No Tobago House of Assembly (THA) election has ever been won by a slim margin.
Since the THA was formed in 1980, only the Democratic Action Congress (DAC)/National Alliance for Reconstruction (NAR) and the People’s National Movement (PNM) have governed the island.
Between them, the smallest victories have been 8 seats to 4, coming in 1980 when the DAC won the first THA election, in 2001 when the PNM won for the first time and in 2009, again a PNM win.
In 2009, the new boys on the block were the Tobago Organisation of the People (TOP) led by Ashworth Jack who had broken away from Hochoy Charles and brought together former DAC/NAR supporters.
All other THA results have been sweeping – 11-1 to the DAC in 1984 and 1988, the same margin to the NAR in 1992, and the PNM got that too in 2005.
There was a 10-1-1 to the NAR in 1996 with an Independent and PNM getting seats but the PNM is the only party to win 12-nil, in 2013.
It means Tobagonians are never often uncertain about who they want to lead them.
A granular look at the districts will show some tough fights over the years but overall results have been clear.
For the first 20 years it was the DAC/NAR and for the next 20, the PNM.
With Scarborough a graveyard of other parties that tried and failed, debate never ceased on the main factors that would make Tobagonians upend a regime.
Notwithstanding the PNM’s declared policies, it was clear that when they broke the DAC/NAR back in 2001, an anti-NAR and anti-UNC vote had also factored.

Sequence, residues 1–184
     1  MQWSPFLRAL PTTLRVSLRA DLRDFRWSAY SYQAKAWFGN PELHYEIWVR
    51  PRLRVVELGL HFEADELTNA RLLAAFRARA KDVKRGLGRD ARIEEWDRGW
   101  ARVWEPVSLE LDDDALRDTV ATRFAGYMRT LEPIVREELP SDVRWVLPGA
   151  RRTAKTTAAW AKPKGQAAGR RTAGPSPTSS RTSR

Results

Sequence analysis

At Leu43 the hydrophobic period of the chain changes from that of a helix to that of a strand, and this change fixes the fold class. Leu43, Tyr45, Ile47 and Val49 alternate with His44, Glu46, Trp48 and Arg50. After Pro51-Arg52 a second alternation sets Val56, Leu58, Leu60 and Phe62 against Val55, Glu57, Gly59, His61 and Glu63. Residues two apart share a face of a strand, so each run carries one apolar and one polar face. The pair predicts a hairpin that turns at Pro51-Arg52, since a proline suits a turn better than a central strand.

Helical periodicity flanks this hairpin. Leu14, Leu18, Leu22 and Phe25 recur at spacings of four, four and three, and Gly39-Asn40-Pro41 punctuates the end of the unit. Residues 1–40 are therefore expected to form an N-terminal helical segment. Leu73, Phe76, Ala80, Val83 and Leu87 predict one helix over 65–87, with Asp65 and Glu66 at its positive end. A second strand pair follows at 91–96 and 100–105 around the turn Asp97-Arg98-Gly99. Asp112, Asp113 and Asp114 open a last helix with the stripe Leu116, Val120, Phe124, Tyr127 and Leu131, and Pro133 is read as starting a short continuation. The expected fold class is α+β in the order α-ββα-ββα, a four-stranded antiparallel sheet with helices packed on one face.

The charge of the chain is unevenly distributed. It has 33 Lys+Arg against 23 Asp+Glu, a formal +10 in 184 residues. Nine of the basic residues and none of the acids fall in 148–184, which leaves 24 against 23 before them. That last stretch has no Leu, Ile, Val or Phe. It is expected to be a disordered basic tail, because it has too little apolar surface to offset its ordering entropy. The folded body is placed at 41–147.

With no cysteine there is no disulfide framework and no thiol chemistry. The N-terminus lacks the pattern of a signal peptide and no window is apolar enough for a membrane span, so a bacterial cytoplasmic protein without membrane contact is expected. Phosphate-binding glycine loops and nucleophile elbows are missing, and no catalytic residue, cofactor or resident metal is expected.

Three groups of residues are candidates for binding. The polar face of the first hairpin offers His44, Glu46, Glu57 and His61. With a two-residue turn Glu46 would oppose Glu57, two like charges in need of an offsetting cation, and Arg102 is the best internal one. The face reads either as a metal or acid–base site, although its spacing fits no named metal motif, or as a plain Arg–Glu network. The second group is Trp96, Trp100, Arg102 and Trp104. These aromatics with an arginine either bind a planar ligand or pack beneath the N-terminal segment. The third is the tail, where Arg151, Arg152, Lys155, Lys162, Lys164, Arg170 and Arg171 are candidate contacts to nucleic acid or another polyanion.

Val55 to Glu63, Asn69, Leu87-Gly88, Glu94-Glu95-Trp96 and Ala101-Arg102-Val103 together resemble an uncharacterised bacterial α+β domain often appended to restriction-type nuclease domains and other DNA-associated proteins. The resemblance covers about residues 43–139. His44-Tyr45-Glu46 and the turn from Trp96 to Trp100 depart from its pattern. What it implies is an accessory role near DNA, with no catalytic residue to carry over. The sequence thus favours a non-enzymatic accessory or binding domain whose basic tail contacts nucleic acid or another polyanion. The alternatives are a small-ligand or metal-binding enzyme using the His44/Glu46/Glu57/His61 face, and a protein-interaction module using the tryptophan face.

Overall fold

Tobagonians were no longer comfortable with tensions between Hochoy Charles and the UNC Government. Charles and Prime Minister Basdeo Panday were at war over the interpretation of the authorities under the Fifth Schedule of the THA Act.
When, for example, UNC Works Minister Carlos John moved to pave Milford Road in 2000, Charles had THA trucks block their work, arguing that paving in Tobago was solely the THA’s responsibility. The UNC contended they were the Government for all of Trinidad and Tobago.
The subsequent starving of funds triggered the Dispute Resolution Commission to determine how much Tobago should get from the national budget, and soured relations even more.
Charles too had lost the faith of his people with the loss of millions in the December 1999 Ringbang concert that never brought the gains he promised.
At the same time the UNC’s treatment of Arthur NR Robinson (through which the UNC got into office with a 1995 alliance) and Tobago West MP Pamela Nicholson, was not sitting well with Tobagonians.
So with the UNC entering the THA race in 2001 and with anti-NAR sentiment high, Tobagonians chose the PNM, led by Orville London.
There’s not been a flip of administration since then and those factors aren’t present today.
It means, therefore, that if the Patriotic Democratic Party (PDP), which took two seats from the PNM in 2017, is to turn the tide, it would have to be solely on its proposed policies.
And that, today, is for Tobago to decide upon.
Either way, this will be an historic election – one that could see the PNM becoming the only party to govern beyond 20 years or one in which fresh blood is brought in without any major external factors.
We wait to see what new chapter of history is written on an island that has had a long history of governance, having changed hands 33 times before Independence.
May the best party prevail.